This is a good reminders for people that live in areas that are obviously dangerous to cats. Whether that be from traffic, predators etc.
I'd like to share my views on this matter as I know I am certainly in the minority, as I do let my cats go out. I have two that are seniors and both over 13yrs of age, a toddler and a baby.
Please remember - I do not
think it is wrong for people to keep their cat indoors at all, I understand and totally accept the reasons
My stance is that they learn about dangers - maybe this would be a good question for Kelly our Cat Behaviorists
- yes they get into trouble and some of you will know Miss Moofs got in a bad cat-fight, this is where I help, if she was a feral she would have probably gone blind and/or died from infection. So of course she had vet treatment. I can honestly say if it was worse and she had to loose her eye and/or died, then whilst I'd be very, very upset, it wouldn't change how I feel about letting my cats out. I have had a cat killed by a car, so I know how that feels.
I like my cats to have what I think is the best of both worlds, a bit of the wild and a bit of the home comforts.
Lets look at possible predators - stuff I found on the net. I'd also like to say this is only about adult cats - kittens are completely different.Foxes
Foxes are omnivores, which means they eat both meat and plants. They mostly eat small mammals and wounded birds, and are not above scrounging a meal from a garbage can if the pickings seem safe.
Foxes rarely attack dogs or cats - because they are noisy and likely to attract attention. Usually foxes and cats have a mutual respect for one another. A female fox will chase a cat away from her cubs, this can be mistaken for the fox chasing a cat for a kill. Likewise, if a fox finds a dead cat on the road it will take it away to eat, this could be again mistaken for the fox killing the cat. They may take a kitten, but as mentioned above this is about adult cats.Coyotes
I think these are the biggest problems for outdoor kitties. They opportunistic and will eat almost anything available. Small mammals such as mice, voles, shrews, rabbits, hares, and squirrels are preferred foods. However, insects, fruits, berries, birds, frogs, snakes, plants, and seeds round out their diet. In areas with high deer numbers, carrion resulting from vehicle-deer collisions and natural causes. In urban areas, coyotes are attracted to garbage, garden vegetables, and pet food. They will also prey on unattended small dogs and cats, if opportunities exist. Some coyotes learn to kill smaller livestock, such as sheep, goats, calves and poultry.Turkey Vultures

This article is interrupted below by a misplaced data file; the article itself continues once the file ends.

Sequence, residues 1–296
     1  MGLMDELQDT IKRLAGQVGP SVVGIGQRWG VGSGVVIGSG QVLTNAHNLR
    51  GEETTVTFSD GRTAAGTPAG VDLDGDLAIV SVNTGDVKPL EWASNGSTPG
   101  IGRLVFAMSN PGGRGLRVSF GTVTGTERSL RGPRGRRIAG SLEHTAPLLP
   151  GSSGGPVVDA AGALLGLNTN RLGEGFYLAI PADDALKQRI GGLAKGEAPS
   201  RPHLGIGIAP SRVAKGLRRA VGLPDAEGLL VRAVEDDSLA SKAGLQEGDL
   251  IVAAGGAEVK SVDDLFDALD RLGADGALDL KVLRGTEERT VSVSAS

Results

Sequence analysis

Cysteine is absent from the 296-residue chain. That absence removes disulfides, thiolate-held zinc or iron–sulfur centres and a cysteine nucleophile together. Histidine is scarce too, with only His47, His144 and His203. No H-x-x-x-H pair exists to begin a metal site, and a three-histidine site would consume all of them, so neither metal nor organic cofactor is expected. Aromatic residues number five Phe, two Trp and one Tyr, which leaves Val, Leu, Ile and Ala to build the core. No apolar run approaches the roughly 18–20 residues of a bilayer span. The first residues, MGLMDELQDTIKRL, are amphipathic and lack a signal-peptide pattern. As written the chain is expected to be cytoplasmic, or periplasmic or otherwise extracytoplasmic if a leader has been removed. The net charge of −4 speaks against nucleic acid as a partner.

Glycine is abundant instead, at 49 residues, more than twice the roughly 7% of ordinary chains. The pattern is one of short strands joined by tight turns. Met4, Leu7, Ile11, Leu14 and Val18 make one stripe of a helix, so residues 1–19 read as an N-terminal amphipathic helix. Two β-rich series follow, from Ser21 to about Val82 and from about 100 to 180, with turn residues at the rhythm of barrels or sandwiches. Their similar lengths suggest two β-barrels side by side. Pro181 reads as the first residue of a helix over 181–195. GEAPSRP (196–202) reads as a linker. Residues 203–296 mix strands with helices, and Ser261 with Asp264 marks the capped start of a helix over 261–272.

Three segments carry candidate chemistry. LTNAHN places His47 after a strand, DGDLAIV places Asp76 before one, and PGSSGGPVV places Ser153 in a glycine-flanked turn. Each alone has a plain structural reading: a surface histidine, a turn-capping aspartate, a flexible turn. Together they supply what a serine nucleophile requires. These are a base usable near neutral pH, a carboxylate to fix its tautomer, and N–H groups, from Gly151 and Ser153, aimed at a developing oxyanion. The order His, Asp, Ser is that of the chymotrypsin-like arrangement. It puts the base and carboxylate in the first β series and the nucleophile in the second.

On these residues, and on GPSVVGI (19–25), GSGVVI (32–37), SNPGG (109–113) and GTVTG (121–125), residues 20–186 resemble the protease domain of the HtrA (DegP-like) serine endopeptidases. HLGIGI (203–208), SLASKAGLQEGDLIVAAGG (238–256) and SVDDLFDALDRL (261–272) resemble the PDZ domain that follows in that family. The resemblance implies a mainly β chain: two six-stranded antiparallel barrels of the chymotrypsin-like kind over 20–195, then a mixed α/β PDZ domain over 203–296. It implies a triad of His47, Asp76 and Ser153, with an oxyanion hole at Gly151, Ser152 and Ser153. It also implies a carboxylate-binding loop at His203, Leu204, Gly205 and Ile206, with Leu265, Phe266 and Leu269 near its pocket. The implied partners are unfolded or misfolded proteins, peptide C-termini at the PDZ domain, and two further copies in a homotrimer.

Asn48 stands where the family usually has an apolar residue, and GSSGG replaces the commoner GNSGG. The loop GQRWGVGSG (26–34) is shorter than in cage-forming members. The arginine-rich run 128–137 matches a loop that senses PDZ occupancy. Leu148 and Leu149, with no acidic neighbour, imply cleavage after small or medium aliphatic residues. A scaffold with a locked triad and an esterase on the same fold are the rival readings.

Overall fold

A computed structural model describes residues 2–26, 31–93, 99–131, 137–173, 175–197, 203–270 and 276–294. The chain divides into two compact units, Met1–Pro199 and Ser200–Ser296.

- do not feed strictly on carrion. This bird enjoys plants, including shoreline vegetation, pumpkin, and bits of other crops. The are extremely unaggressive and non-confrontational, the Turkey vulture will not feed on live prey. The may attack sick or dying animals, which of course could include a catBears
- bears are omnivores and eat a diet such as grasses, berries, water plants, elk & moose calves, small rodents, and some insects. Whilst I suppose they "could" eat a cat it looks like there own sources of food is well supplied.Raccoons
are omnivores, generally speaking, coons like peanuts, sweets, fruits, bread, peanut butter, and especially cat and dog food. The will also scavenge dead animals of any size. Raccoons most likely will scavenge on pets that have already died.
Cats can get into skirmishes with all of these animals, but this is rare as in most cases both animals would keep there distance from each other, this is how the natural world works. They also have the weapons they need for these skirmishes.
They are good at safety behaviours and will try to get up high to keep safe, or keep still, or hide if in danger. They will scent mark their territory with urine, claw marks and sometimes faeces if they feel threatened.
I'm going to leave it there, but there is tons more stuff on the net about this and I am sure this issue of indoor/outdoor will rattle on for a while and I am happy to offer the other view of the debate